The Ceremonial Law Sanctifies the Body

PassoverBefore the act of fulfilling one of the ceremonial commandments, such as eating matzah on Passover, the Jew recites a blessing: Blessed art Thou, L-rd our G-d, who has sanctified us with his commandments and command us to …[whatever the commandment may be].  This blessing is only recited when the commandment requires a physical act, such as eating matzah, lighting candles, etc. The reason is that the sanctification to which the blessing refers is the sanctification of the body. So the blessing is not recited, for example, before prayer, since prayer is essentially an act of the heart and mind rather than the body. Nor is it recited for observing a prohibition, such as not eating forbidden flesh, because the restraint required is not an act of the body but an act of the will.

The sanctification of the body is important because, as St. Paul points out in Romans 7, the law of sin, i.e., the impulse to sin, resides in the body.  The sanctification of the body through the repeated acts of obedience to the ceremonial law is directed to uprooting that impulse to sin.

One of the most basic reasons given to explain why the Christian does not need to keep the ceremonial law argues that he actually does keep it, and in the most perfect way, for he keeps its spiritual meaning, the idea which the Law was intending to instill. But if the purpose of the ceremonial law is to sanctify the body by requiring a physical act in devotion to G-d, then, clearly, the idea of the commandment cannot replace the physical act of keeping it. To replace the physical with the spiritual is to abandon the sanctification of the body.  

It is much easier to subdue the body than to subdue the heart. St. Paul makes that clear when he tells us that he was “under the Law blameless” (Phi. 3:6) and capable of “a righteousness of my own, based on law,” but incapable of interior devotion without “the  “the righteousness from God that depends on faith” (Phil. 3:9).  Jesus perfected the Law not by replacing the physical with the spiritual, the external act with a corresponding spiritual act, but by purifying the heart and liberating it to act together with the body in the performance of G-d’s commandments.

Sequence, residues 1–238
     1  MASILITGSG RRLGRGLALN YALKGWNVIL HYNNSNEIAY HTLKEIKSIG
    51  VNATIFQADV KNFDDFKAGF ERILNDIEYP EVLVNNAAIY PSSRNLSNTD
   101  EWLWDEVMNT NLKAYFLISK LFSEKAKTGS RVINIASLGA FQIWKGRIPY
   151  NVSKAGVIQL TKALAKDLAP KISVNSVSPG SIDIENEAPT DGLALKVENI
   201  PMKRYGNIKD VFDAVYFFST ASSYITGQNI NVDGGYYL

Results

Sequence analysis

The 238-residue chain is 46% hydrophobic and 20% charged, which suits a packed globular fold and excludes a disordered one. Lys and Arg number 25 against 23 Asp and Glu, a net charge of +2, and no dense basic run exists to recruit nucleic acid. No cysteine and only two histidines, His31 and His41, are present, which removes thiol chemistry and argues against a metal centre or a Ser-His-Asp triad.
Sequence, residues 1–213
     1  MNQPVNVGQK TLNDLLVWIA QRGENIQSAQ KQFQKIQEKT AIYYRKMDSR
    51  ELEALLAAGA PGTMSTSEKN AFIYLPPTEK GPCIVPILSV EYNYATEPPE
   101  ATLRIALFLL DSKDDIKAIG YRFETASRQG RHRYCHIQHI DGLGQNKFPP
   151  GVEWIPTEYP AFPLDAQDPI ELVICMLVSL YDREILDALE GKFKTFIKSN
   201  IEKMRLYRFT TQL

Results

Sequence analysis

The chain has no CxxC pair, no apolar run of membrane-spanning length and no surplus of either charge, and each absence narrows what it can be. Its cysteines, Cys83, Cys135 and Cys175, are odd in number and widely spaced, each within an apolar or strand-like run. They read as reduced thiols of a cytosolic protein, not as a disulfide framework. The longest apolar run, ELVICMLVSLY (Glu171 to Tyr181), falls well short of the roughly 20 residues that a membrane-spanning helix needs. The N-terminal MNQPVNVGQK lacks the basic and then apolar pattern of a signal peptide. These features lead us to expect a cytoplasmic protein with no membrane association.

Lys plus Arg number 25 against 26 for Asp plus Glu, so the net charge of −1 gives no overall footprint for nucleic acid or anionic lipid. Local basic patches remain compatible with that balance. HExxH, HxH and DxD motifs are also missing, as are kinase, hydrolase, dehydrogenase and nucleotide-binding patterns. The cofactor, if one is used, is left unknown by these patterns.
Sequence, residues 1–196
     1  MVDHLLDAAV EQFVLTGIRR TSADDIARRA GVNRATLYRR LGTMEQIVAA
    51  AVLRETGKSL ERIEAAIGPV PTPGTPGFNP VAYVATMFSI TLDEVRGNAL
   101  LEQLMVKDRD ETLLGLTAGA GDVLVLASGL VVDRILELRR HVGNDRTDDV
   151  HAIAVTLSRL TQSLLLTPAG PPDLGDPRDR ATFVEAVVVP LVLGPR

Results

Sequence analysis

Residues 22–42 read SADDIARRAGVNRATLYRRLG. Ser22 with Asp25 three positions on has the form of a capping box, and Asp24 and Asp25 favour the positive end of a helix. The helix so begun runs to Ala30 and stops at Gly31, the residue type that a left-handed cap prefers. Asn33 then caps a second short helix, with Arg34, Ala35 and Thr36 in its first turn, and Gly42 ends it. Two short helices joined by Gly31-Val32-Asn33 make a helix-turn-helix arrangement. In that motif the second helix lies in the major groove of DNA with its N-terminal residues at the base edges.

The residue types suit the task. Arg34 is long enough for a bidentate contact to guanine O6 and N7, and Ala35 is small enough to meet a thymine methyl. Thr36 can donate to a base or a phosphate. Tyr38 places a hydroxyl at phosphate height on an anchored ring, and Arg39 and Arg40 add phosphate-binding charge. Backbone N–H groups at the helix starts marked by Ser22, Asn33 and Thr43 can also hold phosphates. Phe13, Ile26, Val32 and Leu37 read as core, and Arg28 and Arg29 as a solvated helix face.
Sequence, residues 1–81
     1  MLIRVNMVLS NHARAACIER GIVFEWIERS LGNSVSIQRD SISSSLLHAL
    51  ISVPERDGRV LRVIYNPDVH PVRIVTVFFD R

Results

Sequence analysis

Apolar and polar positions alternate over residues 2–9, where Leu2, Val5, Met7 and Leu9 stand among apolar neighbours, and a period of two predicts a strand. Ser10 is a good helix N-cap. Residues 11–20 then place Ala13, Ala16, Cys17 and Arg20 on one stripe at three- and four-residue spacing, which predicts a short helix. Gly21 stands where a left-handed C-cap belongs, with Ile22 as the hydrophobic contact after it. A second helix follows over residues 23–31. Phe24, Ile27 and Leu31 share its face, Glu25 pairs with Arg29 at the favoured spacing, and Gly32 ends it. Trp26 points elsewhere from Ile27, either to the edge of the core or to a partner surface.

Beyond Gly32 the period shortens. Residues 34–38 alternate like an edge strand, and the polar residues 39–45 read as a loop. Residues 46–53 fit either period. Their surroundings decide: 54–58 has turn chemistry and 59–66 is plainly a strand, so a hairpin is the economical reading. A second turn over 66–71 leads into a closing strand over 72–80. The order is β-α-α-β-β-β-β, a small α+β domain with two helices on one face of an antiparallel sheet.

You might say, if the heart is pure, then the body will also be pure, so why should the Catholic Jew bother with the ceremonial law?

The acts required by the Ceremonial Law are comparable to the acquired moral virtues, of which the primary are the four cardinal virtues of prudence, justice, fortitude and temperance. These virtues are acquired by  “the repetition of acts under the direction of more or less cultivated natural reason,”  and can exist even in a man in the state of mortal sin. (Fr. Lagrange, Three Ages of the Interior Life, Part 1:3:3)

The comparison between the ceremonial law and the acquired moral virtues is suggested by St. Paul, who indicates that “a righteousness of my own based on law” is sufficient for the blameless observance of the Law. And, indeed, the observance of the ceremonial law, like the acquried moral virtues, is normally instilled by repetition, for the Jew is instructed in directed in the practice of the ceremonial law from childhood.

Fr. Lagrange points out that even though the infused virtues are far more exalted than the acquired virtues, the acquired virtues greatly facilitate the exercise of the infused virtues. “…the facility of virtuous acts is not assured in the same way by the infused moral virtues as by the acquired moral virtues. The infused virtues give an intrinsic facility, without always excluding the extrinsic obstacles; whereas these extrinsic obstacles are excluded by the repetition of acts that engender the acquired virtues.” (Ibid.)  He gives the example  of a drunkard who makes a confession with sufficient attrition and, by absolution receives the infused moral virtues, including temperance. But even though the virtue has been infused, it doesn’t mean he has acquired it. “The infused virtue that he receives gives him a certain intrinsic facility for the exercise of the obligatory acts of sobriety; but this infused virtue does not exclude the extrinsic obstacles which would be eliminated by the repetition of the acts that engender acquired temperance.”  In other words,  acquired virtues have an important role to play in the exercise of the infused virtues.

Similarly, purity of heart gives a certain “intrinsic facility” for using the body to serve G-d, but it does not exclude the “extrinsic obstacles” that are eliminated by repetition of the acts that sanctity the body.  The virtues are best “exercised simultaneously in such a way that the acquired virtue is subordinated to the infused virtue as a favorable disposition.” (Ibid.) Similarly,  purity of heart is best exercised in such a way that the commandments are subordinated to it as a favorable disposition, i.e., as a disposition acquired through education and repetition that facilitates the expression in act of that purity. Even for the Catholic Jew who, through the sacraments, receives the grace that disposes his heart to purity, the observances of the ceremonial law retain their great spiritual value of sanctifying the body. For without the sanctification which they instill, it is much harder to exercise the virtues infused by grace.

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